"The world’s most volatile region faces a challenge that doesn’t involve guns, militias, warlords, or bloodshed, yet is also destroying societies. The Middle East, though energy-rich, no longer has enough electricity. From Beirut to Baghdad, tens of millions of people now suffer daily outages, with a crippling impact on businesses, schools, health care, and other basic services, including running water and sewerage. Little works without electricity."
"I called on the technician at his home because electricity is now such a political flashpoint that he didn’t want to be seen hosting a journalist at work."
The above quotes are from Robin Wright's May 20 report for The New Yorker. I don't often tell readers that a report is a "must-read" but this is one of those times. And it's not long; she succinctly outlines the electricity crisis in the Middle East, which extends at least to Libya in North Africa, in a series of eye-popping anecdotes and observations.
As to what governments in those countries can do to resolve the crisis -- it can't be resolved at this time in history. Even if the refugee situations, armed conflicts and rampant corruption end, the Middle East is up against the limits of urbanization and rising lifestyle expectations.
Look, credit cards are doomsday in a wallet. But as long as relatively few people could live above their means via credit, critical resources such as water could absorb the impact. With rising incomes across the world and the advent of satellite TV, people want the same lifestyle they see middle-income earners enjoy in the most prosperous countries. And if credit is the way to get that lifestyle, they want credit too.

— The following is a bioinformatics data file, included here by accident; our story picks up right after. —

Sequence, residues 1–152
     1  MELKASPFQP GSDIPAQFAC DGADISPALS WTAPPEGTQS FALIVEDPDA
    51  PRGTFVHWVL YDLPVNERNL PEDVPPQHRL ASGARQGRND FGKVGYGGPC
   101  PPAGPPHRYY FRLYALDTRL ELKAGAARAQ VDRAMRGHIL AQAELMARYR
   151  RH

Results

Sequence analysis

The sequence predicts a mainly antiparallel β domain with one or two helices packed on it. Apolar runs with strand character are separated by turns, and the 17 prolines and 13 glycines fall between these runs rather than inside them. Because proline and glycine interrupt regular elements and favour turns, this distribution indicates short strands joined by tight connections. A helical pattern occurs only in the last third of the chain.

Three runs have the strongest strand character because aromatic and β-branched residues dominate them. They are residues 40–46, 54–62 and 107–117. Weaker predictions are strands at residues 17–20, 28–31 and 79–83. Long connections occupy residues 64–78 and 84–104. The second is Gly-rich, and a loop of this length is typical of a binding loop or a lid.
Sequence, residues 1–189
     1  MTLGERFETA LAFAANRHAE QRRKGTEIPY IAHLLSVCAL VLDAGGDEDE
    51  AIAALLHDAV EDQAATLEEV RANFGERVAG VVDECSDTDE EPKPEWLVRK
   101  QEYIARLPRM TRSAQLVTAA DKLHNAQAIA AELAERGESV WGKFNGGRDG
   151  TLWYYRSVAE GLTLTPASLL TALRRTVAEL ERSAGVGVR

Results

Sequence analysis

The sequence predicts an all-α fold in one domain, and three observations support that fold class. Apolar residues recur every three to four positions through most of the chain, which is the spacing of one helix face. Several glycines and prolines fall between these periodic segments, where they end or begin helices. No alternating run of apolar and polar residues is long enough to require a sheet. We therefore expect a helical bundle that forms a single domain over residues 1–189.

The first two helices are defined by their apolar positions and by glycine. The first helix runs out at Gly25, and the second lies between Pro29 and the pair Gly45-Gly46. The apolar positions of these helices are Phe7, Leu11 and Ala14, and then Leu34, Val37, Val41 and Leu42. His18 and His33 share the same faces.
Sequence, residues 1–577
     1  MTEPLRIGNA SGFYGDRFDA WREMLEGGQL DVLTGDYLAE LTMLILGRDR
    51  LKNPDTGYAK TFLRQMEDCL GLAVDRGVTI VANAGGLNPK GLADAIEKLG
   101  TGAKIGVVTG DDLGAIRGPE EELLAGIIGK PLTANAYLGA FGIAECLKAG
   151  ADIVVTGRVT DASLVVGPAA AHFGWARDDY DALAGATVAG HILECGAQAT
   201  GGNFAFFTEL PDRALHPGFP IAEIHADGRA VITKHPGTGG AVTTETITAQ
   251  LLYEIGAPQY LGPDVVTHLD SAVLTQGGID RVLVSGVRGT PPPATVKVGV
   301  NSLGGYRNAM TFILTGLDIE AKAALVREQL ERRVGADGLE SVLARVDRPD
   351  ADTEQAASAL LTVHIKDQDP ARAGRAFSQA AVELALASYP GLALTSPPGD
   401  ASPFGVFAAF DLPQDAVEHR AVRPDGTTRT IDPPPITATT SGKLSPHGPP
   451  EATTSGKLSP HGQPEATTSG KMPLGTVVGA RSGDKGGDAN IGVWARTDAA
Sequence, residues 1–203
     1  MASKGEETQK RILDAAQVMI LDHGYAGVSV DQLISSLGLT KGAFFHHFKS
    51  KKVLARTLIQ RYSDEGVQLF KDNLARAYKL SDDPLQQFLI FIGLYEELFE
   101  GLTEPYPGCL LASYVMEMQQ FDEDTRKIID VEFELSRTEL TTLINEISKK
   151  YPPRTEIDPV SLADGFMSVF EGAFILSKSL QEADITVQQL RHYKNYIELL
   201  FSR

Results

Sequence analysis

What nobody stopped to consider until it was too late is that when possessions and even food can be bought on credit, this stimulates demand for products that are easily substituted by newer and more attractive products. This in turn leads to massive waste of resources that can't be replaced as quickly as manufactured goods and agricultural produce.
Again, when relatively few people were doing this, the hits to resources caused by waste could be absorbed. Today, it's getting increasingly hard to absorb because so many people are piling into the same system of living above their means.
This doesn't even speak to governments and manufacturers spending above their means via different types of credit arrangements, which also leads to massive waste of resources.
Only up to a certain point is credit the fuel of modern societies; when that point is reached, it becomes a destroyer of societies.
How long have we got? Too many variables to call it at this point. But read Robin Wright's report to understand that the Middle East's electricity crisis is the proverbial canary in the coal mine.